Needless to say, Clayton, Mike, T-Duck, and I faithfully attended all three of these games. Work, drive downtown, yell and cheer and be happy, drive home, sleep, repeat. The Twins fell apart in the third inning of this last game and went down 6-1. We were devastated; had we spent all this time hoping only to lose this final match? No. The Twinkies chipped away at the lead and in the eighth inning Denard Span smacked a triple down the right field line to tie it. The Dome was literally going insane. I have never heard it that loud and thought maybe I'd never hear it like that again, until the tenth inning proved me wrong. Alexi Casilla blooped a little single into left to score Nick Punto and the Twins heaved themselves into first place. Obviously the crowd went berzerk. It was a moment I have very little hope of experiencing again: being with my friends, seeing my team come back and prove itself better than its most rivaled opponent, experiencing all this in a place that I had come to love.

But, nonetheless, a place I will never watch baseball in again. I will never get to walk through the concrete hallways and catch glimpses of the sea of blue seats in the massive cavity where the game gets played again. I will never get to see the towering photos of Puckett, Oliva, Killebrew, Carew, Hrbek, Robinson, and Moravec again. I will never get to witness hits shuddering off the baggy in right field, or the ball take a wild detour off a speaker, or leave the game in a violent windstorm of air pressure.

So, if you think of it today, tonight, observe a moment of silence. Cross yourself and perhaps utter a Hail, Mary. Put on that mourning robe that you always wondered what to do with. Do something to mark this, the end of an era. I know I will. For today, tonight, the Metrodome saw its final game.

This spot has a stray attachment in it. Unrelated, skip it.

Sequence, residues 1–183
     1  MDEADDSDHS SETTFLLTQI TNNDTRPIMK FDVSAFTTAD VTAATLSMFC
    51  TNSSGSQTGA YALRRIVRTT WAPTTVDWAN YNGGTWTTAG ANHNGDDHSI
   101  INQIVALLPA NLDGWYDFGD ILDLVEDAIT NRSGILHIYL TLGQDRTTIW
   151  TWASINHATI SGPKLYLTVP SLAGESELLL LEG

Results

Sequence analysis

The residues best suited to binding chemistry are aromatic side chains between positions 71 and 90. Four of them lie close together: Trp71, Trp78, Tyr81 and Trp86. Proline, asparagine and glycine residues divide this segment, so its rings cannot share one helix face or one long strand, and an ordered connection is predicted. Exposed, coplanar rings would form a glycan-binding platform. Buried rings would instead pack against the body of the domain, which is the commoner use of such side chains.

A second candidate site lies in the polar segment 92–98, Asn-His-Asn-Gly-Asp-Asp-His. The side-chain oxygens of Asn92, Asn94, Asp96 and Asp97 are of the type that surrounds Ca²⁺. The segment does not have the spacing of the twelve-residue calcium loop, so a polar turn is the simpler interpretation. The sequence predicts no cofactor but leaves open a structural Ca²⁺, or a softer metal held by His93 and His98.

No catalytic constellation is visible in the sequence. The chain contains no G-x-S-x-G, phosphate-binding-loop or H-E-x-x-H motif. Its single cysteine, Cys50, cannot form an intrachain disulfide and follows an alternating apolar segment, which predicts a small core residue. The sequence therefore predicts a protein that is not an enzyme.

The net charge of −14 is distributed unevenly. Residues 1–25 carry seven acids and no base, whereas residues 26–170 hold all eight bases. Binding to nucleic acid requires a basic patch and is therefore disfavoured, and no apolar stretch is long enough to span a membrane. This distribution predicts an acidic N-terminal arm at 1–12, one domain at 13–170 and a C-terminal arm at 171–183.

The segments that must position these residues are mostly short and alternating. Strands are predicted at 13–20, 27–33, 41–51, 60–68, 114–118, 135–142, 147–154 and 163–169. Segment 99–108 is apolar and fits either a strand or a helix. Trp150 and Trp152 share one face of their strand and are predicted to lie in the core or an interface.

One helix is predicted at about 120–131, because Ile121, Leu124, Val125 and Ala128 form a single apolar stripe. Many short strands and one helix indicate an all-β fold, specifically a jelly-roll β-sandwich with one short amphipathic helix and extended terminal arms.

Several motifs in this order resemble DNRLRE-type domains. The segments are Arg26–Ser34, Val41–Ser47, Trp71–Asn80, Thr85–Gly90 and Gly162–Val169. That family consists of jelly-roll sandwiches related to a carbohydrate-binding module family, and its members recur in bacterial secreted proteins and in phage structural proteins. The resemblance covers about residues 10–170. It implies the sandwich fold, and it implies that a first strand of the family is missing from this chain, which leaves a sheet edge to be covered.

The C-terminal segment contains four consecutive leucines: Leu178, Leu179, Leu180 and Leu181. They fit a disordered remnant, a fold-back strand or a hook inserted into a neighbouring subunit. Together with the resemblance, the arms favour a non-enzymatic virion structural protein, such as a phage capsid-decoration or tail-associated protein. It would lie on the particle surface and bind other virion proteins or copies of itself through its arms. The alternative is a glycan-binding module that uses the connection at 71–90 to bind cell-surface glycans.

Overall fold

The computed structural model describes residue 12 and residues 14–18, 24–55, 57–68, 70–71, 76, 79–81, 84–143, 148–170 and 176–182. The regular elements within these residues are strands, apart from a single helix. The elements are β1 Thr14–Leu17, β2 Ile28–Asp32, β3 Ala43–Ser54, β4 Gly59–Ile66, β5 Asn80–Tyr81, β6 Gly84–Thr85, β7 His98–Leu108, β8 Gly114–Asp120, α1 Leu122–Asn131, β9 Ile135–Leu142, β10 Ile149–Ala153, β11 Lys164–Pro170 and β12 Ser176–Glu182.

Jesse and I in front of the baggy in right field after getting decimated by Sibley-Ocheydan.



A blurry picture of a pitch I threw on that hallowed ground. Pretty sure it was a ball, low and inside.



My father and I. He looks happier than I do because he didn't flub several groundballs, get hit in the cup, strike out three times, or lose a game just prior to this photograph.



Sarah Taxis pretending (maybe?) to throw up. She claims that pile of vomit was already there. Who knows.



Jake and I waiting in the early hours of some summer morning in an endless line at the Metrodome for a bobblehead doll.



From left: me, Bill Cook, and Sunshine. During each game at the Dome, as at countless ballparks around the nation, there are several clapping cheers. You know. We will rock you. Let's go. Charge! After we'd participated in many of these, Bill, who was not a regular game attendee, asked, “How do you guys know all of those?”



From left: me, Jake Hegman, and Dan Ochs.



From left: Amy, Cari, Torey, Gwen, Emily, me, Grant. This was the game in '06 where everyone stayed to watch the Tigers lose so that the Twins could be sole possessors of first place.



From left: Clayton, Jake Hegman, me, Sunshine. My favorite part about this picture is that it was swiped from an album on Facebook entitled “Don't Be Sad That It's Over; Be Glad That It Happened.” I look sad that it's over (and that the Twins lost that game); Jake looks glad that it happened. The picture should have been the album cover.